Lowly, and sitting on a donkey,
A colt, the foal of a donkey’”(Mt 21:5, NKJV).

And all the musicians and even the audience members get the theme at last and all erupt in joyous song:

“Hosanna to the Son of David!
‘Blessed is He who comes in the name of the LORD!’
Hosanna in the highest” (Mt 21:9b).

Later in the same week, as hostile forces close in, as a trusted friend betrays him, Jesus calls together his chamber group – those who have been with him closest and longest – for a small and intimate interlude. The music is classical – Passover songs and psalms – and the tone is…well, it’s hard to say. It varies from celebratory to puzzled to subdued and even to bittersweet. Jesus feeds his followers; he gives them – and us – the Kingdom meal, a taste in the present moment of the heavenly wedding banquet: bread, wine, words – and something about body and blood. It is clearly a Kingdom meal, but of a confounding sort. “I will not drink of this fruit of the vine from now on until that day when I drink it new with you in My Father’s kingdom,” Jesus says, and leaves everyone a bit baffled.

The group plays the final note of this Seder meal, a psalm, and then walks a short way to a garden for prayer and maybe a bit of rest. And it is here that we lose the theme of Matthew’s symphony; rather it is here that the theme is inverted and played retrograde: upside down and backwards – distorted and jumbled and unrecognizable. For here the kingdom of hell – Remember the prince of the powers of the air? – and the kingdoms of the earth – Remember Herod and his sons? – conspire against God and against his anointed, conspire against the Kingdom of God.

Why are the nations in an uproar?
Why do the peoples mutter empty threats?
Why do the kings of the earth rise up in revolt,
And the prices plot together,
Against the LORD and against his Anointed (Ps 2:1-2, BCP 1979)?

And Jesus – Son of David, Son of Abraham, Son of God – is arrested and tried and beaten and crucified, on the day the theme was lost, on the day the music died. All is silent. But look at the cross. Look at the sign above Jesus’ bowed head, a sign in three languages so that all the world might know:


The theme played silently and inverted and retrograde: this is what the world and hell think of God and His Anointed King.

But three day later, early in the morning on the first day of the week, as a group of women goes to the tomb where Jesus is laid, there is a terrible and wondrous commotion: all cymbals and tympani and percussion, like an earthquake – exactly like an earthquake:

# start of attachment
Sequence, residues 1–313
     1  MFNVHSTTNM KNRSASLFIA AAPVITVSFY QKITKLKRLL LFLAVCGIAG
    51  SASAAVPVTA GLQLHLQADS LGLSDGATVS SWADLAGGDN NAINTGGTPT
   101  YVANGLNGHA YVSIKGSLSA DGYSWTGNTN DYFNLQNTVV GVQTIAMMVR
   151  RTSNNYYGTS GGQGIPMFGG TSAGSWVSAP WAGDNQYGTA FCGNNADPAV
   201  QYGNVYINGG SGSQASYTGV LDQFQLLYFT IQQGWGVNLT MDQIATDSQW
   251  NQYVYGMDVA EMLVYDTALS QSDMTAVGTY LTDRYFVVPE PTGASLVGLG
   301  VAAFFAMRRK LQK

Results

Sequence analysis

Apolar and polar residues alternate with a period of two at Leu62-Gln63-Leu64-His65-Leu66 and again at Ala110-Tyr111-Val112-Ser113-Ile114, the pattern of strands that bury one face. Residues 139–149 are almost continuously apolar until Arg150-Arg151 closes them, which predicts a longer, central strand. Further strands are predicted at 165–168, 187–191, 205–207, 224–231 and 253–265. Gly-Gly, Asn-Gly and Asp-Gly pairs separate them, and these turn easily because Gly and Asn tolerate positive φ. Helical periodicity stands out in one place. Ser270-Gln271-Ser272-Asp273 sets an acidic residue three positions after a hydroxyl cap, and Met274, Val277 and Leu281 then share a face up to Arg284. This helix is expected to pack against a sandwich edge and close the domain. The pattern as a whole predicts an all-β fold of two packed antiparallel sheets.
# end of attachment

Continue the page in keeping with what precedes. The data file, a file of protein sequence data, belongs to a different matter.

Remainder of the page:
And behold, there was a great earthquake; for an angel of the Lord descended from heaven, and came and rolled back the stone from the door, and sat on it. His countenance was like lightning, and his clothing as white as snow. And the guards shook for fear of him, and became like dead men. But the angel answered and said to the women, “Do not be afraid, for I know that you seek Jesus who was crucified. He is not here; for He is risen, as He said” (Mt 28:2-6a).

And the entire cosmic orchestra resurrects the Kingdom theme of Matthew’s symphony: Alleluia! Christ is risen from the dead trampling down death by death, and upon those in the tombs bestowing life. Alleluia! Christ is risen. The Lord is risen, indeed. Alleluia!

Forty days later Jesus gathers his closest disciples on a mountain in Galilee.

And Jesus came and spoke to them, saying, “All authority has been given to Me in heaven and on earth. Go therefore and make disciples of all the nations, baptizing them in the name of the Father and of the Son and of the Holy Spirit, teaching them to observe all things that I have commanded you; and lo, I am with you always, even to the end of the age” (Mt 28:18-20, NKJV).

And here it is, in the final chords of Matthew’s great symphony: the Kingdom of God has come, all authority – in heaven and on earth – lies with Jesus, and we who have up until now been content to listen to the music, are given instruments and our own parts to play in the continuing composition of the Kingdom of God.

Our King has not gone far away and abandoned us to our own resources as some say. Rather he has ascended to the right hand of the Father – to His rightful position of power and glory – and has begun his reign, a reign ministered in part through you and me and all of us together, a reign empowered by the Holy Spirit through whom Jesus is eternally present with us. And, he has left us His Kingdom prayer to guide us and His Kingdom meal to sustain us.

Learn my Kingdom song, Jesus says, for soon I will reconvene the entire orchestra for the concert of the ages. You can’t just listen anymore. There are no seats in the audience. You must learn the song or leave the hall. And the Kingdom song is not composed of melody and rhythm, but of love and forgiveness and mercy. Those who have learned it will be invited to play in the orchestra of the communion of the saints:

Then the King will say to those on His right hand, ‘Come, you blessed of My Father, inherit the kingdom prepared for you from the foundation of the world: for I was hungry and you gave Me food; I was thirsty and you gave Me drink; I was a stranger and you took Me in; I was naked and you clothed Me; I was sick and you visited Me; I was in prison and you came to Me.’
“Then the righteous will answer Him, saying, ‘Lord, when did we see You hungry and feed You, or thirsty and give You drink? When did we see You a stranger and take You in, or naked and clothe You? Or when did we see You sick, or in prison, and come to You?’ And the King will answer and say to them, ‘Assuredly, I say to you, inasmuch as you did it to one of the least of these My brethren, you did it to Me’ (Mt 25:34-40, NKJV).

This is what the Kingdom looks like. This is what the music of the Kingdom sounds like. It is being played even now in every act of truth and beauty and compassion and forgiveness done in the name of the King and under his banner of love. Can you hear it? Will you play it?

Today the church celebrates the feast of the Reign of Christ the King. There is no better way to celebrate than to take up your instrument and join in the great Kingdom symphony, in the name of the Father, and of the Son, and of the Holy Spirit. Amen.